Purpose: We conducted external comparisons for the prevalence of asthma, hypertension, diabetes, and cancer among World Trade Center (WTC) general responders using the National Health Interview Survey (NHIS) as the reference, along with internal comparisons for the incidence of asthma. Methods: Standardized Morbidity Ratios (SMRs) were calculated for the prevalence of the health conditions, and risk ratios (RRs) for asthma incidence. Results: Relative to the NHIS, asthma prevalence was in excess in responders over the study years (age-adjusted SMRs = 1.3-2.8). Hypertension prevalence began to exceed expected from 2006 while diabetes was lower than expected. An upward trend towards excess cancer prevalence was observed. Internal comparisons showed elevated asthma incidence among protective service and utility workers compared to construction workers; while those who arrived at the WTC site in the morning of 9/11 had a lower asthma risk than those who arrived in the afternoon. Conclusions: The use of NHIS data as a reference population demonstrates and reconfirms several important patterns of excess risk in WTC responders. External comparisons are an alternative for disaster cohorts without an established comparison group.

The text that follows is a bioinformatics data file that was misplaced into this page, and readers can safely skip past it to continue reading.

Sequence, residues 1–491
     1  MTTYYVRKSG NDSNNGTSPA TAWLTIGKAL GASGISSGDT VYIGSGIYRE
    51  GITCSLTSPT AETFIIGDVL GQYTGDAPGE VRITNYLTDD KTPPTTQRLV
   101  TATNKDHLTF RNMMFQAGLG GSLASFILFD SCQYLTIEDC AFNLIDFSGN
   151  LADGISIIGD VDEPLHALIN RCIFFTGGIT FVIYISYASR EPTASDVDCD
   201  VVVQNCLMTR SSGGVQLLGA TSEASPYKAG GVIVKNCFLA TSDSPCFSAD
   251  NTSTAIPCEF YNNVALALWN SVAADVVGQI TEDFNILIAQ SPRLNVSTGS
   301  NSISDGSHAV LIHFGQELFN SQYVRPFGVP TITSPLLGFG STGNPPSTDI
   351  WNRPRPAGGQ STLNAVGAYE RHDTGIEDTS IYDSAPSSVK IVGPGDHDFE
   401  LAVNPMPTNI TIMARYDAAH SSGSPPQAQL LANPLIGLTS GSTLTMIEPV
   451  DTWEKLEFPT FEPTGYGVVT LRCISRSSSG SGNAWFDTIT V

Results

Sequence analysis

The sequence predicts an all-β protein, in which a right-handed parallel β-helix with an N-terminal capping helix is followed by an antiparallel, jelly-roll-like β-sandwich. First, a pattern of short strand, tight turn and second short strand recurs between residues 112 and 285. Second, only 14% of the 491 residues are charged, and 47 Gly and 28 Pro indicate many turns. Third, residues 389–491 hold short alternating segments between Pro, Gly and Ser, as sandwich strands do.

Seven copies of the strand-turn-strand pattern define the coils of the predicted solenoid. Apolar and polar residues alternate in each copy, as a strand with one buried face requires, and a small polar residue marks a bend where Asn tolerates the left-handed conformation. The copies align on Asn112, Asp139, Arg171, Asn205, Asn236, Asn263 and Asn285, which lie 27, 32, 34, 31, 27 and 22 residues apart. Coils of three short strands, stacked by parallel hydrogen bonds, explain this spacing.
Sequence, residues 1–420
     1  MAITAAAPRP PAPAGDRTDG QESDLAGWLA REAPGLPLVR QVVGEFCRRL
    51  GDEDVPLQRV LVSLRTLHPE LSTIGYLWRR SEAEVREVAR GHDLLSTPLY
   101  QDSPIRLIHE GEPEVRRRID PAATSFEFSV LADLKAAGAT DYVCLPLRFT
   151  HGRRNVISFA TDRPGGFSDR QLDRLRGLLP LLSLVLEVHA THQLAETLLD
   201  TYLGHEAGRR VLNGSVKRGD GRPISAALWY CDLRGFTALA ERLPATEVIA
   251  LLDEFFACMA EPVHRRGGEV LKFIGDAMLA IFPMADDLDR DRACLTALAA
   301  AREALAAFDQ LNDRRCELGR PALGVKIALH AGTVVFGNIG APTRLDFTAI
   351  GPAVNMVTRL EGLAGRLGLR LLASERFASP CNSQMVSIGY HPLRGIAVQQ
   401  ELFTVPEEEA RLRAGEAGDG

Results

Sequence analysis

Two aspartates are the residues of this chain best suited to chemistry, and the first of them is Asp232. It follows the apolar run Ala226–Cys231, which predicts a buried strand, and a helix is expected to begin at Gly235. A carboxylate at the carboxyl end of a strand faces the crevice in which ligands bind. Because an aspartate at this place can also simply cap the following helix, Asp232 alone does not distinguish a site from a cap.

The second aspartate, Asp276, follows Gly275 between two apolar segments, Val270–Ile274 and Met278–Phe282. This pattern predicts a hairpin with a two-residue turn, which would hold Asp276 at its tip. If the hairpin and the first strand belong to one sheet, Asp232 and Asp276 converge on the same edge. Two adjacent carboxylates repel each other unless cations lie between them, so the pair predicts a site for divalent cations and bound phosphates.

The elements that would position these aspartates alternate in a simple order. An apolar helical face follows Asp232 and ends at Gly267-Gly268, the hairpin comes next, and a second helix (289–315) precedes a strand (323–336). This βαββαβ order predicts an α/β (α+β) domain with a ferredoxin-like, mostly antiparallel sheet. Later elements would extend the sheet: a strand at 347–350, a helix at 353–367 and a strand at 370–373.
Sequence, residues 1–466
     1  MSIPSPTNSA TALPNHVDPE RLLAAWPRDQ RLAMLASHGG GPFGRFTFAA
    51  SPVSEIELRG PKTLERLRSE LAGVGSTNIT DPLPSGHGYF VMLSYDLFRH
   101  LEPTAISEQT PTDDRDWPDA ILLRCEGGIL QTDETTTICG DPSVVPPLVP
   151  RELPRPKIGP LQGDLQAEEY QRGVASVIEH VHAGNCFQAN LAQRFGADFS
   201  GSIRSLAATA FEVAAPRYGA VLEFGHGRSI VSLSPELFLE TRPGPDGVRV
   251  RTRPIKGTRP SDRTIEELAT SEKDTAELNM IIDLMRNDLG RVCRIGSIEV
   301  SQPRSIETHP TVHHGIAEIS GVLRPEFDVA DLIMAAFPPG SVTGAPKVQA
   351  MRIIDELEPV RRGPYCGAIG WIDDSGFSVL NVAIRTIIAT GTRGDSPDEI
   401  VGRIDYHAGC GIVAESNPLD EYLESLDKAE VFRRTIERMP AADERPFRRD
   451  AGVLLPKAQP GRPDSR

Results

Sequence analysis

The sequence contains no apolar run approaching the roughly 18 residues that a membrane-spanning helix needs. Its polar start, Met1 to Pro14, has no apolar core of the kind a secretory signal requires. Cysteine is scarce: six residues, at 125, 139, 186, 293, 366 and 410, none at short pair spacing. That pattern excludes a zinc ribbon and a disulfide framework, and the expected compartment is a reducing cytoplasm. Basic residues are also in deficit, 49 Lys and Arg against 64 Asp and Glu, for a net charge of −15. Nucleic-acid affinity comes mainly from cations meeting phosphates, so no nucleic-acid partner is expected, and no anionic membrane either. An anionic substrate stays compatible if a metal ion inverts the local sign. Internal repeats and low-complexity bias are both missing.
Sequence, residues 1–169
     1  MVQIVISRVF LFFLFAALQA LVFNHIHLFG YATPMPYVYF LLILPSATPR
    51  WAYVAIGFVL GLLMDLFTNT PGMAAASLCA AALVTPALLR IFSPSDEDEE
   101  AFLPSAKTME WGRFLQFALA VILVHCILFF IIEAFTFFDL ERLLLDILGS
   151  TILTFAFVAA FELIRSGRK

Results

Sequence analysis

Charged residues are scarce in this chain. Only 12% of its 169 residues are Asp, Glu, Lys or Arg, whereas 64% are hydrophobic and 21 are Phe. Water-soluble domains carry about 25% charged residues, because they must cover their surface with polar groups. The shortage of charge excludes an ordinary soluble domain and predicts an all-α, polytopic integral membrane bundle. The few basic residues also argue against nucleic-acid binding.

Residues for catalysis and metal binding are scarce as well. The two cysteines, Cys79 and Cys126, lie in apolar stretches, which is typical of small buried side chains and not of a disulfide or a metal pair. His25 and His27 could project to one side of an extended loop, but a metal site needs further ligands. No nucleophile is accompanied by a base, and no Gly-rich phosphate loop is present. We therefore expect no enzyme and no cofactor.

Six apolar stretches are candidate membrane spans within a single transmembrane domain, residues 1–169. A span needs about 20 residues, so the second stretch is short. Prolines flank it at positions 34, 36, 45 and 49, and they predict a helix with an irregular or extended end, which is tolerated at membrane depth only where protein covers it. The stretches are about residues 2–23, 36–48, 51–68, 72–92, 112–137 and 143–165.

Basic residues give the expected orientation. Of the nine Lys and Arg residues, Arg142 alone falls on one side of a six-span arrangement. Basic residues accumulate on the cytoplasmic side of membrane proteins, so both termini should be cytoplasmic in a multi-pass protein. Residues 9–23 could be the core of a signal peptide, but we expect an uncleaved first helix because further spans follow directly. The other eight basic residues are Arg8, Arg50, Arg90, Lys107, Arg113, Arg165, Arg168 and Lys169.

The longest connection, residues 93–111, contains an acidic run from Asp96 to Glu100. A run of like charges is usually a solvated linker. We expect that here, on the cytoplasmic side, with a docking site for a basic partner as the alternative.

- World Trade Center responders
- chronic diseases
- national health interview survey
- standardized morbidity ratios